Joint-honours information for 2017 entry

(BA) English and Art History

Entry for 2017

FHEQ level

This course is set at Level 6 in the national Framework for Higher Education Qualifications.

Course Aims

The aims of the course are that on completion of the course the successful student should:

1. Have studied literatures in English across a range of genres and historical periods, and obtained an understanding of visual cultures in different periods and places.

2. Have analysed the production, consumption and reception of texts and images within their historical, national and cultural contexts.

3. Appreciate and understand the range of theoretical approaches to the study of literature and art historical artefacts.

4. Relate literary texts and visual sources to other media and discourses, both in English and other European cultures.

5. Have engaged in an interdisciplinary exploration of European intellectual and visual culture.

6. Have engaged with concepts of cultural identity and difference in relation to English and other European identities.

7. Have engaged with the relationship between text and image.

8. Be able to reflect upon and develop their capacity to learn independently.

9. Develop students' enthusiasm for and knowledge and understanding of visual cultures in different periods and places.

10. Ensure students' sensitivity to the diversity of approaches to the discipline.

11. Provide access to high-level research- led specialist teaching at appropriate points in the curriculum.

12. Enable students to reflect upon and develop their capacity to learn independently.

13. Provide preparation for employment and/or further study.

14. Encourage an interest in and a commitment to interdisciplinarity.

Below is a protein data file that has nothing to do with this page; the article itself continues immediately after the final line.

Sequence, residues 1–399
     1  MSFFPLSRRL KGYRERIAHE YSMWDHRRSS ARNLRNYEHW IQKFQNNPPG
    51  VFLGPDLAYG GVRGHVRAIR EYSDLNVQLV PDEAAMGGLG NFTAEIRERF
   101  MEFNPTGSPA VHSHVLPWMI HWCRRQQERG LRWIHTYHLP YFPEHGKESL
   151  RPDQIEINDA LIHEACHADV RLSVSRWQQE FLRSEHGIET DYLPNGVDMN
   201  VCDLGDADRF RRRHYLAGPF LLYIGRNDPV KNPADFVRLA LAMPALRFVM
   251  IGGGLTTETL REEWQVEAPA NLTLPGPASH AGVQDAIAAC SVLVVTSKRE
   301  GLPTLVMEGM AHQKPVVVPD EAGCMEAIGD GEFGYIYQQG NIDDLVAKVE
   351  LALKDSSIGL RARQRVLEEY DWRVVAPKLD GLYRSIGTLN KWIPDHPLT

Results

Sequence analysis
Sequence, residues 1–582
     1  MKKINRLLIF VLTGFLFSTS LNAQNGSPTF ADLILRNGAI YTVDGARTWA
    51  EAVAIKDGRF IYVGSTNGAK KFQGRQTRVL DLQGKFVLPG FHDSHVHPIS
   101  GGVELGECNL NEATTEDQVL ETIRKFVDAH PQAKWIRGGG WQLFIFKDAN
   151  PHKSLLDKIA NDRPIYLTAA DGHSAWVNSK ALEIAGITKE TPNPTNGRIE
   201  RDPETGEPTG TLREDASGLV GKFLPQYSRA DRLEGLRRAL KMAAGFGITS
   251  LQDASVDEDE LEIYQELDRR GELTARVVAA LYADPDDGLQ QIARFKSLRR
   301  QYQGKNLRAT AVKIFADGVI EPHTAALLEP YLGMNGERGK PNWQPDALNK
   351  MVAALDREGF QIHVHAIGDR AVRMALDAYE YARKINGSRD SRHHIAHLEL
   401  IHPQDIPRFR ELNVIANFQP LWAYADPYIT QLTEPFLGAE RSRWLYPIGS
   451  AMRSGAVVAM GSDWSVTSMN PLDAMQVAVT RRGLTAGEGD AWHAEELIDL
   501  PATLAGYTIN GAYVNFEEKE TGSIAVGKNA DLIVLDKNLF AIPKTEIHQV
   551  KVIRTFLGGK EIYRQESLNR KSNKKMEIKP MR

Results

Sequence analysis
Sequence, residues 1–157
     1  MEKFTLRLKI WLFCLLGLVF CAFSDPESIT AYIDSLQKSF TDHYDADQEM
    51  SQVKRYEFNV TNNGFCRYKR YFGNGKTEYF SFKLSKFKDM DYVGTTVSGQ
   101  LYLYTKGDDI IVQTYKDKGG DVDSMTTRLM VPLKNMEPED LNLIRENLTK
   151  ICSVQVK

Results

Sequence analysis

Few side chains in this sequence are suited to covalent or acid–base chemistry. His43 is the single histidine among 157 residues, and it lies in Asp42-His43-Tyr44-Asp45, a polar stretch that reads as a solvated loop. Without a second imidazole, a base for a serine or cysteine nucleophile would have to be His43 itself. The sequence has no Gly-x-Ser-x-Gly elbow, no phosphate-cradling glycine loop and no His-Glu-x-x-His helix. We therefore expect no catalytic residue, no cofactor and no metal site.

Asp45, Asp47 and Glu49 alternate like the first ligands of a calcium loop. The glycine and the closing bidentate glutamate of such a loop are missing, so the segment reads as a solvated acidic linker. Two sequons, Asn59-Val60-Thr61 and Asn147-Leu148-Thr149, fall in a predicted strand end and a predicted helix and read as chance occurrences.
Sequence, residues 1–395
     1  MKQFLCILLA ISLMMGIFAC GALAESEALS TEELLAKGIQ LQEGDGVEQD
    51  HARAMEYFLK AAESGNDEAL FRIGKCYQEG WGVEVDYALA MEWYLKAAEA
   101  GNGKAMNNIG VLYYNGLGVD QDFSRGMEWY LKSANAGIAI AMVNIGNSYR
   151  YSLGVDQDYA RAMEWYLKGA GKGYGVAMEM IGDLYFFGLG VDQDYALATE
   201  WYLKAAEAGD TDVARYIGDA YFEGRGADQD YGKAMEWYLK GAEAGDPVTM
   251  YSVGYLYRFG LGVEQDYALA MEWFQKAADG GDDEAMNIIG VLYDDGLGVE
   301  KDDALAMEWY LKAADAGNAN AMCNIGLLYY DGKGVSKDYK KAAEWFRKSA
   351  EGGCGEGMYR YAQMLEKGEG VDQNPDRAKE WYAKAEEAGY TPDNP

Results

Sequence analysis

Course learning outcomes

Demonstrate competence in the close reading, description and analysis of literary texts

Distinguish generic literary conventions and describe their importance for the shaping of meaning

Demonstrate knowledge and understanding of the distinctive characters and histories of texts written in the principal genres of poetry, fiction and drama

Understand the influence on literature and on literary theory of cultural norms, historical circumstances, discourses of authorship and modes of textual production

Structure and develop an argument in clear prose and demonstrate command of a broad range of critical vocabulary and critical concepts

Reflect critically on the relationships between literature and other media including film

Apprehend the range and diversity of global literature in English

Demonstrate knowledge and understanding of a range of literature in English from different periods, including literature from before 1800

Use bibliographic and referencing skills appropriate to the discipline and in conformity with professional conventions

Demonstrate effective oral communication skills through participation in seminars and/or in group presentations or through other media as appropriate

Have a broad and comparative knowledge and understanding of art history in more than one geographic region and chronological period